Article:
The new law (codified as Section 50(f) of the existing New York Right of Privacy statute), squarely addresses this issue by establishing a post-mortem ROP for celebrities living in New York. It allows an individual to sue a person who uses a deceased personality’s name, digital replica, voice, signature, photograph or likeness for commercial gain without consent, subject to certain exceptions. The new section defines the right granted as a “freely descendible or transferable” property right, which gives living heirs, the estates, or other transferees of a “deceased performer” (i.e., those who made a living “acting, singing, dancing, or playing a musical instrument”) or a “deceased personality” (i.e., those individuals “whose name, voice, signature, photograph, or likeness has commercial value” either before or after his or her death) the right to bring action against any person who uses that celebrity’s persona without consent.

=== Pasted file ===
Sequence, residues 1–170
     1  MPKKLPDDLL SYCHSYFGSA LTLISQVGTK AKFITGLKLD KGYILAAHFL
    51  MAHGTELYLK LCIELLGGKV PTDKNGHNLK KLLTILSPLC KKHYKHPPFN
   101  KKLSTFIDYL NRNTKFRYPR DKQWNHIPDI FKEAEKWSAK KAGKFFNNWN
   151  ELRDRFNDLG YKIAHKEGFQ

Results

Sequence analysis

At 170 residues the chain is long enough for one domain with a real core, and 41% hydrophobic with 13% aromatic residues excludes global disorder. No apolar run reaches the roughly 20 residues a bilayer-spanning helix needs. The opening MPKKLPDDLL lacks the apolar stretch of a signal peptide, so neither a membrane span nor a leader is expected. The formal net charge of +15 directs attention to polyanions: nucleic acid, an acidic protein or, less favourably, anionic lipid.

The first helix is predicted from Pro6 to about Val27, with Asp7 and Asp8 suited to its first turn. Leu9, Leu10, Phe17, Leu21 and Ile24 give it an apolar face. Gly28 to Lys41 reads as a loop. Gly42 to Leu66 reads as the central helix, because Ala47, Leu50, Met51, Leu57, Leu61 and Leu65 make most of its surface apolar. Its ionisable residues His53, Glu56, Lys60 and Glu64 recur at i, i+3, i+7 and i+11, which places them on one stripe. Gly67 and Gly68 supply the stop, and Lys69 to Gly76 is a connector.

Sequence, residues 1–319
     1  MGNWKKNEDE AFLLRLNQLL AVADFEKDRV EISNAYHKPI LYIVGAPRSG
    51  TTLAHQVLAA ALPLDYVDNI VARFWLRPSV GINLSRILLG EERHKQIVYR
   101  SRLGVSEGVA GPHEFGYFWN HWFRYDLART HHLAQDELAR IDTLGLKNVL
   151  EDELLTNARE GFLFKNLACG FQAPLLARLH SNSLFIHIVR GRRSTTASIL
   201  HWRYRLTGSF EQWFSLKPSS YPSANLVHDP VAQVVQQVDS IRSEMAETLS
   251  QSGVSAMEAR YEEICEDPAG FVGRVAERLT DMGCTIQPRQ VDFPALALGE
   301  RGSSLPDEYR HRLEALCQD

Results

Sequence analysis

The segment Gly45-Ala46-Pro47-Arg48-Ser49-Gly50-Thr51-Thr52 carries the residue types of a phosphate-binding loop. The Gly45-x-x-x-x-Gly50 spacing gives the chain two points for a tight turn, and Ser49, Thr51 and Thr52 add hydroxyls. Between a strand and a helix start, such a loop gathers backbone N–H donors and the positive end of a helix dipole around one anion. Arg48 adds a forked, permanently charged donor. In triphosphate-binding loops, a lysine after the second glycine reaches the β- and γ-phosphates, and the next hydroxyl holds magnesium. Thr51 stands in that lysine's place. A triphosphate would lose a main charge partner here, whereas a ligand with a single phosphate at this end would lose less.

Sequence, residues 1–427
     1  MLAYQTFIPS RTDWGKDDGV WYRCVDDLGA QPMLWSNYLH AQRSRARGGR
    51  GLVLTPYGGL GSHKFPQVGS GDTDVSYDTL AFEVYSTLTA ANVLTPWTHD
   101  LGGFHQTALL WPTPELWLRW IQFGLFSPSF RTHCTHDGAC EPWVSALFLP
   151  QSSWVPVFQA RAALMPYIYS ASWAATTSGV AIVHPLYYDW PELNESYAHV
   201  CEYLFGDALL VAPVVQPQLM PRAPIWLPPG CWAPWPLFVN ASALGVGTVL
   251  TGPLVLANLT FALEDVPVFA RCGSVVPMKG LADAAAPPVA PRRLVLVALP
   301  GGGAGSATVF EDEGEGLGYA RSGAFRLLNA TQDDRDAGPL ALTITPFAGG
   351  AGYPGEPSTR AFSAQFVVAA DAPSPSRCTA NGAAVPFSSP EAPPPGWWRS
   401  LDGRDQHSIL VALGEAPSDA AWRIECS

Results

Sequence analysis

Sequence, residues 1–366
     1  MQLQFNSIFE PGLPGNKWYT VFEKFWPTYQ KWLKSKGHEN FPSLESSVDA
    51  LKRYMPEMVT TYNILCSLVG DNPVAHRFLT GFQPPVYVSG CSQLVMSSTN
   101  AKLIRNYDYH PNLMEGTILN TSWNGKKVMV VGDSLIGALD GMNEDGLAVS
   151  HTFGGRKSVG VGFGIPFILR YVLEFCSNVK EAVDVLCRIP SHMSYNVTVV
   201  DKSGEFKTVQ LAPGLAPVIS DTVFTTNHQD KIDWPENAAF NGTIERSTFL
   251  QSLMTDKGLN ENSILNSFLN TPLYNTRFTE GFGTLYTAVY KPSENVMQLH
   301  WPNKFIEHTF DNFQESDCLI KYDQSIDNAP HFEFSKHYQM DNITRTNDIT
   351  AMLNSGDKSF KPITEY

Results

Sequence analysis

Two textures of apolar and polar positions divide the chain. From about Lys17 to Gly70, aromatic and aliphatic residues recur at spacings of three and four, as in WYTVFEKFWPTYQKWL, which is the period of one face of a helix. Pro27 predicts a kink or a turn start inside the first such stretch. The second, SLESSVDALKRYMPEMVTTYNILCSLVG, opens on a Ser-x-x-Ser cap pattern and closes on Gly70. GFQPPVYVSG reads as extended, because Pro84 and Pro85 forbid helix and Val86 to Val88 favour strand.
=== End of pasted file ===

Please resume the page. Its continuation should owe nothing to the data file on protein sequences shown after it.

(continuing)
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The prevalent use of digital image technologies combined with the exploitation of celebrity brands reflects why it is vital for New York to have at long last recognized post-mortem publicity rights. Advances in relevant technologies have caused deceased celebrities to remain present in the public’s mind long after death, technologies that will continue to be refined and perfected. It is only a matter of time, for example, before holographic concert tours become commonplace and future generations of concertgoers will pack Madison Square Garden to watch “live” performances of today’s stars. With the enactment of the post-mortem right of publicity law, these types of commercial uses of former New Yorkers who die after May 29, 2021 (the law is not retroactive) can now exclusively benefit the authorized heirs and rights holders.